5. Clark, GR, et al. Germline FH mutations presenting with pheochromocytoma. J. Clin. Endocrinol. Metab. 2014; 99(10):E2046-50. doi: 10.1210/jc.2014-1659. PMID: 25004247
  6. Hampel, H, et al. A practice guideline from the American College of Medical Genetics and Genomics and the National Society of Genetic Counselors: referral indications for cancer predisposition assessment. Genet. Med. 2015; 17(1):70-87. doi: 10.1038/gim.2014.147. PMID: 25394175
  7. Hoekstra, AS, et al. Models of parent-of-origin tumorigenesis in hereditary paraganglioma. Semin. Cell Dev. Biol. 2015; :None. doi: 10.1016/j.semcdb.2015.05.011. PMID: 26067997
  8. Kirmani, S, Young, WF. Hereditary Paraganglioma-Pheochromocytoma Syndromes. 2008 May 21. In: Pagon, RA, et al, editors. GeneReviews (Internet). University of Washington, Seattle; Available from: http://www.ncbi.nlm.nih.gov/books/NBK1548/ PMID: 20301715
  9. Lenders, JW, et al. Pheochromocytoma and paraganglioma: an endocrine society clinical practice guideline. J. Clin. Endocrinol. Metab. 2014; 99(6):1915-42. doi: 10.1210/jc.2014-1498. PMID: 24893135
  10. Lodish, MB, Stratakis, CA. Endocrine tumours in neurofibromatosis type 1, tuberous sclerosis and related syndromes. Best Pract. Res. Clin. Endocrinol. Metab. 2010; 24(3):439-49. doi: 10.1016/j.beem.2010.02.002. PMID: 20833335
  11. Lonser, RR, et al. von Hippel-Lindau disease. Lancet. 2003; 361(9374):2059-67. doi: 10.1016/S0140-6736(03)13643-4. PMID: 12814730
  12. Martins, R, Bugalho, MJ. Paragangliomas/Pheochromocytomas: clinically oriented genetic testing. Int J Endocrinol. 2014; 2014:794187. doi: 10.1155/2014/794187. PMID: 24899893
  13. Papathomas, TG, et al. Non-pheochromocytoma (PCC)/paraganglioma (PGL) tumors in patients with succinate dehydrogenase-related PCC-PGL syndromes: a clinicopathological and molecular analysis. Eur. J. Endocrinol. 2014; 170(1):1-12. doi: 10.1530/EJE-13-0623. PMID: 24096523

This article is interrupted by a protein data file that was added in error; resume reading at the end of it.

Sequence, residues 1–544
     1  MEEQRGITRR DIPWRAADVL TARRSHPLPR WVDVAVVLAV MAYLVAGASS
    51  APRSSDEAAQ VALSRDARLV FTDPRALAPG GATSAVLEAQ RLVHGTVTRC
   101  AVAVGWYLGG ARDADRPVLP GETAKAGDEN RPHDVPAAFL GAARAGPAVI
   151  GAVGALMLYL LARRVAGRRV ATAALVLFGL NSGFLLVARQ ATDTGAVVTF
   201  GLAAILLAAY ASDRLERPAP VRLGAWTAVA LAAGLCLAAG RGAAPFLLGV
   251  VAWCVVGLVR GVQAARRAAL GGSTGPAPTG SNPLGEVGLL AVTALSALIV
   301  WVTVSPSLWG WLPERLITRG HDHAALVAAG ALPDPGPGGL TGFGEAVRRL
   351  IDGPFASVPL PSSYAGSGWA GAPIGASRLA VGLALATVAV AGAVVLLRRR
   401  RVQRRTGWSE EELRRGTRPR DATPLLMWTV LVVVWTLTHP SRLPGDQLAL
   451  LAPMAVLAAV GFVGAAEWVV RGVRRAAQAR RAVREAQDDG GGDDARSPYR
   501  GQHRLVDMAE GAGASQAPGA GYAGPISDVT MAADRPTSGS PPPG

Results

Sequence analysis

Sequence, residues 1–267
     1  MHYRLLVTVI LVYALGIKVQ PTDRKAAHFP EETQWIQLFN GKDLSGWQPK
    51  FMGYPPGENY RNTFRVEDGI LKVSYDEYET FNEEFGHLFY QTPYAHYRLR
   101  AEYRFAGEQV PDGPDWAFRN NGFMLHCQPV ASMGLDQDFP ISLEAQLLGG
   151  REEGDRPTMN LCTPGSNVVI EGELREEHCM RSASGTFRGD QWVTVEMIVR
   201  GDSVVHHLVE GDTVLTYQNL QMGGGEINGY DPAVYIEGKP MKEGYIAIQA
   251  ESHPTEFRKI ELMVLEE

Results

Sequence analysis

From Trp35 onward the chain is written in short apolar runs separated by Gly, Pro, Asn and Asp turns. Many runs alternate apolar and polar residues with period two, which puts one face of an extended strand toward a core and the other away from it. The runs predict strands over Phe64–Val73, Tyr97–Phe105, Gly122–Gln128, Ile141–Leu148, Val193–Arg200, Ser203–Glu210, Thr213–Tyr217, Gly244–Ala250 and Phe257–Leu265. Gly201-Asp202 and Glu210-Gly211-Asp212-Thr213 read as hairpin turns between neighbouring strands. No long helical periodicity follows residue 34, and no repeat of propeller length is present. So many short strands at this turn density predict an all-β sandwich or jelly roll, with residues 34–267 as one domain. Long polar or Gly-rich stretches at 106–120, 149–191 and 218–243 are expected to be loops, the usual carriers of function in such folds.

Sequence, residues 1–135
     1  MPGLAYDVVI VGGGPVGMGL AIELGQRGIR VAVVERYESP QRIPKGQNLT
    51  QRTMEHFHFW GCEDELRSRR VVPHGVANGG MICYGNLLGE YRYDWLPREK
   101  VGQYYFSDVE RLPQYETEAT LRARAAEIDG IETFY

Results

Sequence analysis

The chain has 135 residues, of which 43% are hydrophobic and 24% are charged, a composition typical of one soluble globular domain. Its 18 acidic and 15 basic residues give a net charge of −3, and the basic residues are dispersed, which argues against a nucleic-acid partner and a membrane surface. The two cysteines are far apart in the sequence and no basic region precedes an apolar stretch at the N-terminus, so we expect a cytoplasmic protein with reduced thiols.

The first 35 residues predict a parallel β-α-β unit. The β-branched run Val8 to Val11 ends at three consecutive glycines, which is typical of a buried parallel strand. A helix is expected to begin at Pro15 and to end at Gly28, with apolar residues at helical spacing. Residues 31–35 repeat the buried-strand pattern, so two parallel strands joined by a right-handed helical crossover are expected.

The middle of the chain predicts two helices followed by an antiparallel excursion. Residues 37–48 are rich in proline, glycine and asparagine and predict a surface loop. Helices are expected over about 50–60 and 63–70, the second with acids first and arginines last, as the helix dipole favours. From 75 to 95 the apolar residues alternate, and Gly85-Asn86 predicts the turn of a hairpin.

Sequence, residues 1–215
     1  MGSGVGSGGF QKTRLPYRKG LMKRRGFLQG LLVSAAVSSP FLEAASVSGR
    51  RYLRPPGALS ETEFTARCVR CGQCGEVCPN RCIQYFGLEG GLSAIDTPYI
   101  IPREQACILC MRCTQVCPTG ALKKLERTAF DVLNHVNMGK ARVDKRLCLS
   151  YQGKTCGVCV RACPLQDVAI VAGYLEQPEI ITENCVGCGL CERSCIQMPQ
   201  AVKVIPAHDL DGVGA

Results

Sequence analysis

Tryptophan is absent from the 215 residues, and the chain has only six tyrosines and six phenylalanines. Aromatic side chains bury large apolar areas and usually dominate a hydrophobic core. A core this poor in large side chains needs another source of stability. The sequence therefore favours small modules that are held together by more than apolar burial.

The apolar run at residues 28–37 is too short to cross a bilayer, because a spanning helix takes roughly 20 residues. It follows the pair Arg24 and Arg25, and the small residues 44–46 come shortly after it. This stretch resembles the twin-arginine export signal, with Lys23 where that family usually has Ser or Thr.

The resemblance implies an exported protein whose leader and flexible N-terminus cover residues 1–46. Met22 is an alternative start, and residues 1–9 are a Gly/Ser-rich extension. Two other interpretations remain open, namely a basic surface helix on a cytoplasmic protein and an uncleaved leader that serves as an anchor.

14. Santos, P, et al. Hereditary Pheochromocytoma. Int. J. Surg. Pathol. 2014; 22(5):393-400. doi: 10.1177/1066896914537683. PMID: 24903423
  15. UpToDate Online, Pheochromocytoma in genetic disorders. http://www.uptodate.com/contents/pheochromocytoma-in-genetic-disorders Accessed June 2015.

Assay and technical information

Invitae is a College of American Pathologists (CAP)-accredited and Clinical Laboratory Improvement Amendments (CLIA)-certified clinical diagnostic laboratory performing full-gene sequencing and deletion/duplication analysis using next-generation sequencing technology (NGS).

Our sequence analysis covers clinically important regions of each gene, including coding exons, +/- 10 base pairs of adjacent intronic sequence in the transcript listed below. In addition, analysis covers the select non-coding variants specifically defined in the table below. Any variants that fall outside these regions are not analyzed. Any specific limitations in the analysis of these genes are also listed in the table below.

Our analysis detects most intragenic deletions and duplications at single exon resolution. However, in rare situations, single-exon copy number events may not be analyzed due to inherent sequence properties or isolated reduction in data quality. If you are requesting the detection of a specific single-exon copy number variation, please contact Client Services before placing your order.

Gene Transcript reference Sequencing analysis Deletion/Duplication analysis
EGLN1 NM_022051.2
FH NM_000143.3
KIF1B NM_015074.3
MAX NM_002382.4
MEN1 NM_130799.2
NF1 NM_000267.3
RET NM_020975.4
SDHA* NM_004168.3
SDHAF2 NM_017841.2
SDHB NM_003000.2
SDHC NM_003001.3
SDHD NM_003002.3
TMEM127 NM_017849.3
VHL NM_000551.3

SDHA: Analysis is limited to sequencing analysis. No clinically-relevant del/dups have been reported.